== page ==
Due to the rigidity of the winter climate, Imbolc is a holiday that we celebrate in the warmth of our homes. From ancient manuscripts, folklore tales and the customs passed down through generations, it is observed that the original rituals and celebrations of this holiday took place in the family home and that the only outdoor activities were the blessing of the fields, the begging of the young and visits to the sacred wells.
At home, the rituals were intricate and centered on the setting up and complex laying of magical objects, such as the Brídeóg and the “Brigid cross”.
There was also a heavy focus on the preparation of ritual foods for the night visit of the Goddess Brigid. Even in the modern neo-pagan Sabbaths, we celebrate this festival in the safety of our homes, keeping out the cold, the night, and the evil entities, while welcoming the presence of the Goddess in our homes.
Honoring and celebrating Imbolc with white. Why white?
White represents freedom, peace, purification, cleansing, and new beginnings. White is the light. The presence of white reflects purity, order, and mental clarity. Above all it invites lightness, the relinquishing of burdens and expectations, to avoid sensations that pull downwards, oppressing.
In the Sabbath of Imbolc, it is customary to consume dairy products. This is because the centuries-old tradition comes from cultural areas where milk production was an indispensable resource for survival. For example, in the cold Irish lands where the aridity of the land-only allowed the breeding of sheep and cattle.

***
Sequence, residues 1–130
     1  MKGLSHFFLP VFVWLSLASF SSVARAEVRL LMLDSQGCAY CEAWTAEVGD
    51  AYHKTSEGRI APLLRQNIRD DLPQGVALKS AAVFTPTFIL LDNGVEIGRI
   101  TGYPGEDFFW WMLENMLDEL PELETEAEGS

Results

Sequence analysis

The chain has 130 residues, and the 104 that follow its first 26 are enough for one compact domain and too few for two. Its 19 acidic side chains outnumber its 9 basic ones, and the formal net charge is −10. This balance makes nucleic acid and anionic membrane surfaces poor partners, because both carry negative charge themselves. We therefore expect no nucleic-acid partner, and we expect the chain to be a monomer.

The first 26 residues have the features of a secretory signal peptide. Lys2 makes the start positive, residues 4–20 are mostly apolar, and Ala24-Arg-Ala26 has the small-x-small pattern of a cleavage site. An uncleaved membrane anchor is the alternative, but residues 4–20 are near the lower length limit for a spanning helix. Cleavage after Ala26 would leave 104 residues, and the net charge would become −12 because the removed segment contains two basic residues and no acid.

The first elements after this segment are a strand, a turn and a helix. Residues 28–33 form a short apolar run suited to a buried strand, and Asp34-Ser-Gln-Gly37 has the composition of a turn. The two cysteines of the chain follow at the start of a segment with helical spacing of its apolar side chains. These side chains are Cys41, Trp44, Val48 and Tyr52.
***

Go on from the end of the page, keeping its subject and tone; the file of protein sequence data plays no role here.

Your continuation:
It is also a tradition in Italy where the winters could turn very harsh. Milk and butter are on the list of celebratory foods but are also used in magical rites. There are numerous stories of fairies and witches who use milk for both good and evil intentions. Milk, like holy water, was used to bless the fields.
Given the longer and more beautiful sunsets, Imbolc was considered a Festival of Light and Fire so gold and red can also be used to celebrate and honor this day.
A practical use of these colors
The white smoke you create while cleansing your space is symbolic of the changes you make to honor Imbolc. By cleansing your home, you are committing yourself to the holiday and to change, as a cleansed space is always the best place to start something new.
Wearing white during Imbolc is a great way to connect with its energy, especially when practicing your witchy craft, casting spells, or dedicating some time to some spiritual work.
Candles and fires
Typical Christian Candlemas should not be confused with Imbolc, where candles and torches were used to signify the light of our luminary, the New Sun. It is the tradition of Imbolc to go around the rooms of the house with candles or tapers in hand, to purify it and to illuminate it by emulating the renewed solar radiation.
The act of blessing them, as written above, is a custom so common in the neo-pagan world that it is becoming a real tradition. Without forgetting that folklorists include this practice which, together with the pre-Christian customs that have come down to us, had become very common in families.
Forgetting their original pagan significance, they went to churches for the blessing: the blessed candles were then used throughout the year until the next Candlemas.
The bright luminescence of candles illuminates our homes and the nights of Imbolc, giving the blue gloom of the winter sky a glow of white, forging the path of light into the darkness.